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  • From Girly Men to Manly Men:The Evolving Representation of Male Homosexuality in Twenty-First Century Telenovelas
  • Julee Tate

Telenovelas are one of the most popular Latin American genres. These melodramatic productions, often compared to soap operas in the United States, reach wide audiences throughout Latin America with story lines and character types that viewers have come to expect. In recent years a new character has been added to the list of standard players in telenovelas: the gay man. Almost without exception this character is extremely effeminate and flamboyant in both dress and mannerisms. He wears brightly colored, dandyish clothing and exhibits mannerisms that are more a parody of a gay man than an actual representation. The nature of this characterization raises questions and concerns. While it may be interpreted in a positive light that the telenovela industry is including gay characters in their scripts, the tendency to portray these individuals in a caricaturesque manner is essentializing and suggests that there is only one kind of gay man: an effeminate, or girly, man. The resulting message is that masculinity (i.e., stereotypical masculine or macho behavior) equates with heterosexuality, while femininity in a man equates with homosexuality.

This investigation explores the ideological conflation of male effeminacy and homosexuality in Latin America and how this phenomenon plays out in telenovela productions. Examples are drawn from Mexican, Venezuelan, and Peruvian telenovelas that have aired on Univisión during the past several years. It should not, however, be inferred from this selection that telenovelas from different Latin American countries are indistinguishable or that all follow the same formula. On the contrary, different countries make their own unique contributions to the variety of telenovelas that are produced in Latin America each year. Despite these differences, there are certain unifying strands that run throughout the genre. One of these strands is the relatively consistent representation of gay characters, regardless of the provenance of the telenovela. To prove the point, the first three examples in this study show the typical characterization of gay men in Latin American telenovelas as extremely effete. These examples are representative of the majority of [End Page 102] telenovelas that include gay characters in that they rely upon an exaggerated, caricaturesque depiction of these subjects. The final two telenovelas discussed here are exceptions to the rule because they include gay or bisexual characters who behave in a stereotypically masculine way, and because the presence of these characters gives rise to a discourse about sexuality by virtue of the fact that the characterization does not follow the accepted pattern.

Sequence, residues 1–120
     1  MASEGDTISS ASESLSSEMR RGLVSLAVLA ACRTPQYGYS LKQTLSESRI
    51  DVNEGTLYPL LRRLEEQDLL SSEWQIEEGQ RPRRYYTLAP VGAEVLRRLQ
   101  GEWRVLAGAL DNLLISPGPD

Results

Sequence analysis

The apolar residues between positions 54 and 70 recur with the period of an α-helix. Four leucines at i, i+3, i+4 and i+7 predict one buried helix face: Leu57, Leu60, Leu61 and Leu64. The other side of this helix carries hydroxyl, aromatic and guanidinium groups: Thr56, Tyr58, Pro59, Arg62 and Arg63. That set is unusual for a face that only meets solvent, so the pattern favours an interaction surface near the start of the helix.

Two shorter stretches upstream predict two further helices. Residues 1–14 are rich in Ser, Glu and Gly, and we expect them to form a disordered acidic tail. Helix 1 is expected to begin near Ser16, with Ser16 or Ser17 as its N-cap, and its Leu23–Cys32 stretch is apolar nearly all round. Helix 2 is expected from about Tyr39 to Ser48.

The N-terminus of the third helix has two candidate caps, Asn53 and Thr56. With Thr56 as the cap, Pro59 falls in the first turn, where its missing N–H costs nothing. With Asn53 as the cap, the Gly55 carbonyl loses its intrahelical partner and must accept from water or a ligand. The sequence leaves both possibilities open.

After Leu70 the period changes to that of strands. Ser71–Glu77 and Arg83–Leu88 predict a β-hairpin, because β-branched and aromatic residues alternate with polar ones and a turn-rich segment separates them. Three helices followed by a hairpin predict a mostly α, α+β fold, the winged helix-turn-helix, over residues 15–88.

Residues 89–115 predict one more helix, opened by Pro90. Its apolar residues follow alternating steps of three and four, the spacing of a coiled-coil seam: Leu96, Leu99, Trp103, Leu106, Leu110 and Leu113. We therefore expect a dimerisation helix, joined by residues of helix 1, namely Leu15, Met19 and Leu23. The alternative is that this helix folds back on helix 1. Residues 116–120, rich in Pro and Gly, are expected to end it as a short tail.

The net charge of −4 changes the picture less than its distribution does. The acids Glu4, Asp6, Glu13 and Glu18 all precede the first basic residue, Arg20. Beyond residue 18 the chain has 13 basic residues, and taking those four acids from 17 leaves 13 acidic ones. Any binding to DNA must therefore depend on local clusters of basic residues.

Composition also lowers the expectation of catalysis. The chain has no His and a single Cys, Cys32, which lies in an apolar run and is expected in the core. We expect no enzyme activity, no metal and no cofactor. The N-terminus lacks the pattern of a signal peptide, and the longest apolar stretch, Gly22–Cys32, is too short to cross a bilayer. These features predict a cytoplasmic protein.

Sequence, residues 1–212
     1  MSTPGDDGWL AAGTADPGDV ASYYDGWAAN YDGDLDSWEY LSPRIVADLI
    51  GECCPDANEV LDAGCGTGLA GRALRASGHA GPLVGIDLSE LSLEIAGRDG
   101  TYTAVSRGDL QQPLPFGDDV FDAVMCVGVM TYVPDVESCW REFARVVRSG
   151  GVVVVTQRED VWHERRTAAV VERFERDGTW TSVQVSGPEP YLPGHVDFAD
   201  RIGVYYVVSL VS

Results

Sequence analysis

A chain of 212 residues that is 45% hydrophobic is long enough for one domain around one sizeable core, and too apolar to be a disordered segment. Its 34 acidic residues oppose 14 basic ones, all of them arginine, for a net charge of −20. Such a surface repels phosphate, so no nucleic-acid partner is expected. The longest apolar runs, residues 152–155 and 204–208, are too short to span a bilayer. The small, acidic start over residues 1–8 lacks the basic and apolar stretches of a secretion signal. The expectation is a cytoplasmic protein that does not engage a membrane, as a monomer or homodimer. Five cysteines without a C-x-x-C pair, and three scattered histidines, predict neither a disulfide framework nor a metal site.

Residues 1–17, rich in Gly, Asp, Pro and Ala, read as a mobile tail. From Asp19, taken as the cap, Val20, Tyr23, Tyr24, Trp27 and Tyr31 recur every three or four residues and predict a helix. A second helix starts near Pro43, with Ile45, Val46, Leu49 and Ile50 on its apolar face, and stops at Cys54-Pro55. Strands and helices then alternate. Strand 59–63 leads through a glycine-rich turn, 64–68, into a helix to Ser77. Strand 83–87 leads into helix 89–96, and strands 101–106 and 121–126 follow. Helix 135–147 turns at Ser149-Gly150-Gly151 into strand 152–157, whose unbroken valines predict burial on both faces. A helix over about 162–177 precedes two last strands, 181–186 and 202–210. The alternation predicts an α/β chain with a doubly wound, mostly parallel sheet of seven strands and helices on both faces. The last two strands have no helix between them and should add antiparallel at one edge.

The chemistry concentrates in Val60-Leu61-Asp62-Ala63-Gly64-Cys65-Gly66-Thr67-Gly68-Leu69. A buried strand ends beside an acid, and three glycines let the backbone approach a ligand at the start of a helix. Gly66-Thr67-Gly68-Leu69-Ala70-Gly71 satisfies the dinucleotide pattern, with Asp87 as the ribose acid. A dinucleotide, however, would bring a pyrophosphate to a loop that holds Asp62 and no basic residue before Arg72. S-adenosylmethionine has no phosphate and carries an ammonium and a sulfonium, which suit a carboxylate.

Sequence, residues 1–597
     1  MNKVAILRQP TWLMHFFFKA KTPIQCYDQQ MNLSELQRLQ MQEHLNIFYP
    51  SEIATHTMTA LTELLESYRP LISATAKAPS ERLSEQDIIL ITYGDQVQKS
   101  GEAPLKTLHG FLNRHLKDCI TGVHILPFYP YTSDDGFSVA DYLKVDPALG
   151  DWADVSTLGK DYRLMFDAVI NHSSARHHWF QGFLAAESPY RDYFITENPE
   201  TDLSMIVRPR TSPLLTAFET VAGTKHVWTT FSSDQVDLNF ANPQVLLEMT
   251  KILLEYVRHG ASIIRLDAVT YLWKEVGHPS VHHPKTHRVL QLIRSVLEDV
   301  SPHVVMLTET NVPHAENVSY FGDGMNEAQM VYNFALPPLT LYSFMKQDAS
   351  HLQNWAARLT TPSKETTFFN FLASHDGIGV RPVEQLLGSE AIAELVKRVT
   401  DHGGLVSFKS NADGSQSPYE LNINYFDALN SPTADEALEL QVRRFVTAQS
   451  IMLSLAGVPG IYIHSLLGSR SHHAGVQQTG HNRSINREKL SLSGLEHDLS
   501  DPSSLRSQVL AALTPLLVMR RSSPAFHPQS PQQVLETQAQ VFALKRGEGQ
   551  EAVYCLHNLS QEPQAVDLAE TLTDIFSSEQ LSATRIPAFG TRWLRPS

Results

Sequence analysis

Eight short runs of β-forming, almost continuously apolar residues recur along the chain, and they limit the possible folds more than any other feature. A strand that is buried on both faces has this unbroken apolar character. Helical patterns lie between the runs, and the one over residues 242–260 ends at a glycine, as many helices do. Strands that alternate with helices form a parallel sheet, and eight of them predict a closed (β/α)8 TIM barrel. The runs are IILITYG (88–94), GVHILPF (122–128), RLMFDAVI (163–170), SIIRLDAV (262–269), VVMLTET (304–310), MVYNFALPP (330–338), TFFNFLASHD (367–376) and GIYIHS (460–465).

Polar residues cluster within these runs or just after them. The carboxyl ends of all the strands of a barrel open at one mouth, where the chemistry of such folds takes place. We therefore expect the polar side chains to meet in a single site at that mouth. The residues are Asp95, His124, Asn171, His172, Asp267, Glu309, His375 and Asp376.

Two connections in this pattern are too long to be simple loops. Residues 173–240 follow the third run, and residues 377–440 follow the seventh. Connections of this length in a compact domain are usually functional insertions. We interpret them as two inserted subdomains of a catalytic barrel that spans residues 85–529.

Prior to examining these specific telenovelas, it is important to have some understanding of Latin American concepts of gendered behavior (i.e., femininity and masculinity) and sexuality. This study does not propose a single, hegemonic Latin American view of homosexuality. However, there are historical and cultural reasons for similarities in the concepts of gender and sexuality that exist in different Spanish-speaking Latin American countries. Foremost among these reasons is that the region was conquered and colonized by Spain, a country steeped in Mediterranean traditions. Part of the cultural legacy of Spanish colonization is what researchers call the Mediterranean model.

In his seminal work on the subject, Honour and Shame: The Values of Mediterranean Society, John Peristiany describes the model as a product of the cultures and belief systems of the Mediterranean region, and he points to the honor/shame dichotomy as the essence of the model. Man's honor is maintained by defending his masculinity. A primary aspect of this mission is keeping his women (i.e., his wife, mother, sisters, and daughters) from bringing shame on him through sexual misconduct. He accomplishes this by taking measures to protect their sexual purity or, if they are married, monogamous state. If a woman is believed to have had sexual contact with any male other than her husband, then she is said to be "polluted" (Delaney 42). This pollution shames the male and is an affront to his honor and masculinity because it means that he is unable to control and defend the women in his charge.

Peristiany and other theorists of the Mediterranean model also point to another avenue of shame and dishonor for...


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pp. 102-114
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